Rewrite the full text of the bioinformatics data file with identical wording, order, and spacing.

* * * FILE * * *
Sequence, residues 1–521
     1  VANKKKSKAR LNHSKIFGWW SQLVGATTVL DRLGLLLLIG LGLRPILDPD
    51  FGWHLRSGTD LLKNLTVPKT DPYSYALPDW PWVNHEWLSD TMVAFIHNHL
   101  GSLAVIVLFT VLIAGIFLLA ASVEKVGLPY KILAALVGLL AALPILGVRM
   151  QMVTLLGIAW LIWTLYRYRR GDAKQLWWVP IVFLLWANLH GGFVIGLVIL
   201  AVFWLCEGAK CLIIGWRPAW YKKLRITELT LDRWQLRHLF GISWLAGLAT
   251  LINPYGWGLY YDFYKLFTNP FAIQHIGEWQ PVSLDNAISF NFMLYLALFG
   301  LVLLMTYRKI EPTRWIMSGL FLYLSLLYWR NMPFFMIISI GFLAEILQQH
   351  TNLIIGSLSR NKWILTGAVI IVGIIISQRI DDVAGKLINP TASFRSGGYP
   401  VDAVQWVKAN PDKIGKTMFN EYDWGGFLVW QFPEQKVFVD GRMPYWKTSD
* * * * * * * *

Sequence, residues 1–521
     1  VANKKKSKAR LNHSKIFGWW SQLVGATTVL DRLGLLLLIG LGLRPILDPD
    51  FGWHLRSGTD LLKNLTVPKT DPYSYALPDW PWVNHEWLSD TMVAFIHNHL
   101  GSLAVIVLFT VLIAGIFLLA ASVEKVGLPY KILAALVGLL AALPILGVRM
   151  QMVTLLGIAW LIWTLYRYRR GDAKQLWWVP IVFLLWANLH GGFVIGLVIL
   201  AVFWLCEGAK CLIIGWRPAW YKKLRITELT LDRWQLRHLF GISWLAGLAT
   251  LINPYGWGLY YDFYKLFTNP FAIQHIGEWQ PVSLDNAISF NFMLYLALFG
   301  LVLLMTYRKI EPTRWIMSGL FLYLSLLYWR NMPFFMIISI GFLAEILQQH
   351  TNLIIGSLSR NKWILTGAVI IVGIIISQRI DDVAGKLINP TASFRSGGYP
   401  VDAVQWVKAN PDKIGKTMFN EYDWGGFLVW QFPEQKVFVD GRMPYWKTSD